Sauerkraut is basically kimchi’s distant European relative. Most popular in Germany, this condiment is made exclusively from fermented cabbage. For those with little to no experience fermenting foods, sauerkraut is hands-down the easiest fermented food to make. The only ingredients you need to make sauerkraut are water, salt, and any variety of cabbage. Let the mixture sit in the fridge for a few weeks and eventually you’ll have a wonderfully crunchy salty side for any meal. ‘The Kraut’ is most commonly served on burgers or hot dogs, but in Germany, it gets eaten as a condiment to most meals.
The probiotics and other bacterias that grow in sauerkraut have a huge list of benefits. Obviously, it’s great for your gut health and provides your gut with hundreds of healthy bacteria which, in turn, provide your body with improved energy and bowel movements. Studies have shown that sauerkraut is a great remedy for people afflicted with IBS (Irritable Bowel Syndrome). It is also full of fiber, which aids in digestion and balances blood sugar, and high in vitamin C, which supports the immune system. When looking to purchase sauerkraut, it’s best to look for unpasteurized kinds since a lot of the beneficial bacteria are destroyed during pasteurization.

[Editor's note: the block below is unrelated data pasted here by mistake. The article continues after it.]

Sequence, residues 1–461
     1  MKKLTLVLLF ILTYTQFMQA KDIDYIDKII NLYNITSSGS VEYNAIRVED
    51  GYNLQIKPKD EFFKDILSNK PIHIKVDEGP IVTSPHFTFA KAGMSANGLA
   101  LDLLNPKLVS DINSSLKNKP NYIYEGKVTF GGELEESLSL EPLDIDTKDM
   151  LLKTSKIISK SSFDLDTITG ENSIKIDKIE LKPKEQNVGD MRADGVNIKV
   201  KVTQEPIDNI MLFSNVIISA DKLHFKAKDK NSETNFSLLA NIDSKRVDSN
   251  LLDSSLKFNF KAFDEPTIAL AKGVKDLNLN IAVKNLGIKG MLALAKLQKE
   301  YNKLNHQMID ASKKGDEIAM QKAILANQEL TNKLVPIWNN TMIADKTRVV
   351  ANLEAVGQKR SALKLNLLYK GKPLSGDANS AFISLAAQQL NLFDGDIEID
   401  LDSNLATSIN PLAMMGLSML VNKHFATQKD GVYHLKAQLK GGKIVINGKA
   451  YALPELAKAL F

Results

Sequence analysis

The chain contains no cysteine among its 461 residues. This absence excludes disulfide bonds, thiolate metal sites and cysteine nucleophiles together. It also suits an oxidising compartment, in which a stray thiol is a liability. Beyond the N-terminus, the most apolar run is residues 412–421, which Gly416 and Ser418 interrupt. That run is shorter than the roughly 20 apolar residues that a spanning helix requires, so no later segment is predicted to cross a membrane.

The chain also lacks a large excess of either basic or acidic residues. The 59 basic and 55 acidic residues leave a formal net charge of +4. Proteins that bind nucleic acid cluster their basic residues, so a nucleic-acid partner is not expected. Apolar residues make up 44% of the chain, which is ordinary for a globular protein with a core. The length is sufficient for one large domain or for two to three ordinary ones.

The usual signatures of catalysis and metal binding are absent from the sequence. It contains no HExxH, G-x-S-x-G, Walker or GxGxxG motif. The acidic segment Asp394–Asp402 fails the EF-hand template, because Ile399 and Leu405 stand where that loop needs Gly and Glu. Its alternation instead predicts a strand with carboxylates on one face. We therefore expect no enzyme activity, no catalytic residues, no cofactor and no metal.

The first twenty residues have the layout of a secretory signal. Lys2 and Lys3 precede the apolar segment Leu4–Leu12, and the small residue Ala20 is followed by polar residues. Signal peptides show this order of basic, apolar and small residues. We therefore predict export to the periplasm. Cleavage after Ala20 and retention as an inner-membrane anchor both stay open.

You can easily make your own sauerkraut at home.
Miso, meaning ‘fermented bean’ in Japanese, is a traditional paste originating from Japan and is made by fermenting soybeans. Miso soup, a broth of miso paste and vegetables, is a breakfast staple in Japan and other parts of Asia but is also available all over the world. This protein-rich paste has a strong flavor and adds the fifth taste – ‘umami’ – to any miso-based soup, stew, glaze, or marinade.
Miso is loaded with nutrition. It’s fermented, meaning it contains a wide variety of bacteria, enzymes, and probiotics which, as we know, are our gut’s best friends. On top of that, studies have shown that the probiotics provided by miso synthesize certain vitamins, like vitamin K and B12, as a byproduct of metabolism. Next time you’re jonesing for some take-out sushi or chow-mein, make sure to order a side of miso with that.